Monday, February 26, 2007

The Beach

Just over a week ago we headed to the coast for a long weekend. We chose to stay in Maharashtra, rather than Goa, partly because San and I have been to Goa a couple of times before, and partly because we wanted to see what the Maharashtra coast had to offer. The main attraction was the advertised lack of crowds; Goa at this time of year can be pretty crowded. We chose to stay at the MTDC (Maharashtra Tourism Development Corporation) resort in Ganapatipule.

Ganapatipule is a small town on the Konkan Coast about 100 miles north of Goa. Apart from the beach, it has a Ganesh temple, and not much else. It took us about six and a half hours to drive there, leaving shortly before sunrise. The first part, along the Pune bypass, was in the dark. Once we had turned off onto a road heading over the Ghats the first hints of light were beginning to appear. By the time we reached the lake at Mulshi dawn was imminent. It looked very photogenic, so we stopped to take some pictures.

From the lake onwards the road headed into the hills. Monsoon damage was evident, and the journey was somewhat bumpy. This, combined with more than a few hairpins, didn't agree with Roshni's stomach. Fortunately she slept for a great deal of the journey, and the Ghats were soon dispensed with. On the other side of the hills we joined up with NH 17; the main Bombay-Goa highway. this was a single carriageway route, but wide, straight and fairly traffic free for the most part. The width and traffic stayed more or less constant, but there were still some fair sized climbs to pass. good fun for the driver, less so for babies!

Most of the destinations were signposted in Marathi. This uses the same script as Hindi, except it has an extra 'l' equivalent: 'ळ'. This meant that I could read it without assistance. I still can't read that quickly, so it sometimes took a few signs for me to be sure where we were. Soon though, I could recognise our destination 'गणपतीपुळे'. However, since NH 17 wouldn't take us there directly it wasn't posted that often during the 200 kilometre stretch. Still, we noticed the turn off, but not quickly enough to avoid a swift u-turn. This led us on to a narrower, but still good quality road, that took us the remaining 25 miles to the coast.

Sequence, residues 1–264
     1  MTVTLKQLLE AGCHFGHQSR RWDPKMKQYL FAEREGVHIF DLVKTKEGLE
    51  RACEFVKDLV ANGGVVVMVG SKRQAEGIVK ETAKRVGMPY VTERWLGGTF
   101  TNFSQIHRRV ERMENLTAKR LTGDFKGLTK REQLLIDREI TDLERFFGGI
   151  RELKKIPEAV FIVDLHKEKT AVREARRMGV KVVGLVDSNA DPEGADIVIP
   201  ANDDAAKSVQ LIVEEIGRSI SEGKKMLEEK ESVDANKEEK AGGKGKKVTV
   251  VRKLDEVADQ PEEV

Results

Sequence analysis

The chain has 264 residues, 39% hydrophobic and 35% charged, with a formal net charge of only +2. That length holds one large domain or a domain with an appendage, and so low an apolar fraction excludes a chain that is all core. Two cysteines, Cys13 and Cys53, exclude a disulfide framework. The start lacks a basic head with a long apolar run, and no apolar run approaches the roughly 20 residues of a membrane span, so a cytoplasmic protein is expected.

The MTDC resort is right on the coast with the beach immediately accessible down some steps from our sea view cottage. The name was appropriate, as the main room had windows on two sides offering a great view of a palm lined and golden beach. As promised there were no crowds. Apart from a slight gathering near the temple in the evenings, there were vast expanses of empty sand to lay down your beach towel. The sea was warm, the coconut trees aesthetically pleasing, and the sun strong. How's February in the UK?

The resort had a restaurant where we went for most of our lunches and dinners. One evening we ventured out to see what else was on offer. Not that much! We had a decent chicken thali; but there wasn't a great deal of choice. Nights were warm, so we could eat outside, and then retire to our cottage and sit on the balcony until bedtime. The sky was very clear and, as the moon was new, it was very dark at night. The Milky Way was just about visible from our balcony, and I am sure it would be clearer still if we had taked a night time walk along the beach.

As well as sunbathing and swimming during the day, the beach was a good place to walk along in the late afternoon and early evening. There were horse and camel rides, much to Roshni's delight. She gives every impression of wanting a pony when she's older. I will look up the price of donkeys, I suspect they are pretty cheap! Whilst she was riding her horse, San and I could watch the sun set over the sea. Then it was time to drink the water from a coconut at one of the beach-side shacks near the temple.

All very relaxing, and a very enjoyable break. Sadly though, we had to go back to Pune. We headed back up NH 17, but turned off a bit earlier, in order to take an alternative route over the Ghats. This route, over Varandha Ghat, turned out to be higher and twistier. A long sequence of hairpins took us up to about 850 metres, and some spectacular views. We maintained altitude for many miles along a narrow, and very monsoon wrecked road, before heading back down south of Pune. The dual carriageway NH 4 took us back at high speed. Well 100kph feels fast in a Maruti 800.

More Pictures
Ganapatipule.kmz - Locations and route information for Google Earth.